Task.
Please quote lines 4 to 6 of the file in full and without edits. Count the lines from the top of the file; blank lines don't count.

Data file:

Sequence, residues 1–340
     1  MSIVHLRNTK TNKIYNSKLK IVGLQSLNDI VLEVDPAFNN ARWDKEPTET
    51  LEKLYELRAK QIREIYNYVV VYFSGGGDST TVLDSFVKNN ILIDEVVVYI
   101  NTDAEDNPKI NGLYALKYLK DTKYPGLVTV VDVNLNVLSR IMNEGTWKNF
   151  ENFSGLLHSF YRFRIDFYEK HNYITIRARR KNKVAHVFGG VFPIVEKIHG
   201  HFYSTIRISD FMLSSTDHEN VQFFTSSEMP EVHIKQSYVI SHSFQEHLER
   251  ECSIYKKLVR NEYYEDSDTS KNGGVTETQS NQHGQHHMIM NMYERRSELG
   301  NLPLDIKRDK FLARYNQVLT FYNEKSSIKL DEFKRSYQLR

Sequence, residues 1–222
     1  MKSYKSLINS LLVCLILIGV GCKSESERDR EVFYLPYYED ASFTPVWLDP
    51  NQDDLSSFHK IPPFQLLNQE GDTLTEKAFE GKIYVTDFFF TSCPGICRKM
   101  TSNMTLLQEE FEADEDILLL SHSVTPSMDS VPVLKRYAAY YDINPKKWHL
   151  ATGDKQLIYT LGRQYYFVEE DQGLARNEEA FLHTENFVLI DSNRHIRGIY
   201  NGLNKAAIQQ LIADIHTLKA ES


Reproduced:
   101  NTDAEDNPKI NGLYALKYLK DTKYPGLVTV VDVNLNVLSR IMNEGTWKNF
   151  ENFSGLLHSF YRFRIDFYEK HNYITIRARR KNKVAHVFGG VFPIVEKIHG
   201  HFYSTIRISD FMLSSTDHEN VQFFTSSEMP EVHIKQSYVI SHSFQEHLER